- The Washington Times - Sunday, July 16, 2006

Reactions following North Korea’s missile launches on the Fourth of July ranged from indignation to consternation and even wonder from the usual newspaper pundits and talking heads. Some have called North Korea’s mercurial leader Kim Jong-il a lunatic or worse. But it occurs to some of us, at least, that perhaps the “Dear Leader” had a coldly calculated objective in mind: the intentional division of the allies facing his representatives at the six-party talks.

The allies facing Mr. Kim’s emissaries (normally called “diplomats,” the North Korea representatives are often known for their less than nuanced or tactful approach) include the United States, Japan, South Korea, China and Russia. Each nation has its own self-interest as the paramount factor influencing negotiations with North Korea. The allies are held together by the questionable supposition that the group’s aims are universal: But what Americans believe is important to the U.S. might not be totally agreed upon by the others, especially China and Russia.

Almost as soon as the rocket motor smoke cleared over North Korea, the United States began its effort to lobby China to intervene with North Korea. The U.S. diplomat in Asia managing the situation, Christopher Hill, said: “China clearly has a close relationship with the DPRK and the most influence, and we certainly would like to see what kind of leverage China has.”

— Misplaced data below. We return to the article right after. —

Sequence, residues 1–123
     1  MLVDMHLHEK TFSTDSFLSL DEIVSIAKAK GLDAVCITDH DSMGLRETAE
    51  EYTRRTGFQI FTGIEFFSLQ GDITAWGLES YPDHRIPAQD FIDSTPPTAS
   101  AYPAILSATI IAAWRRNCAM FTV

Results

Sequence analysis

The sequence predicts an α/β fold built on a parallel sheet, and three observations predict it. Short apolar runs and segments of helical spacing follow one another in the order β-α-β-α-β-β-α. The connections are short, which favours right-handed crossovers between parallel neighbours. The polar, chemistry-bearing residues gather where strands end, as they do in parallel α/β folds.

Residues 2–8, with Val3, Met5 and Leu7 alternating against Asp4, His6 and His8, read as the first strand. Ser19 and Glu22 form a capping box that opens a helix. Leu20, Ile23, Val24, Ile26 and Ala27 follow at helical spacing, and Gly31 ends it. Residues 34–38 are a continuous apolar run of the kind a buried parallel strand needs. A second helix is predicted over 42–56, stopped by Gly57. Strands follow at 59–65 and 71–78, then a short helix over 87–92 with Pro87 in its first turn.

The U.S. wants North Korea to return to the six-party talks, to give up its missile testing program and to cease its nuclear weapon development ambitions. The Chinese and Russian, it seemed, balked. Japan floated the notion of a pre-emptive strike on North Korea, only to be rebuffed by China, Russia and South Korea.

President Bush called the leaders of China and Russia, seeking a unified response against the test firings. But China and Russia, each a permanent member of the U.N. Security Council with a veto over its actions, said they opposed punitive measures against North Korea. Japanese diplomats offered a resolution at the Security Council threatening sanctions if the North does not dismantle its nuclear program. China and Russia demurred.

In short, the nations have struggled to find a consensus on how to handle the situation with North Korea. The discord and division has likely delighted the reclusive communist nation, which often tries to drive a wedge between the nations seeking to pacify Pyongyang.

Almost as soon as it became apparent that Japan could not emerge with a positive outcome from Russia and China on its proposal for sanctions, Japanese officials called for an internal national debate on whether their country’s pacifist constitution would allow Japan to pursue military capabilities to pre-emptively strike at North Korean missile bases.

Since World War II, Japan’s constitution allows only self defensive forces and action in the name of the Japanese. The nation, for example, has no Navy: It has a “Maritime Self Defense Force.” Hawks in Japan would like to see more international involvement of Japanese forces.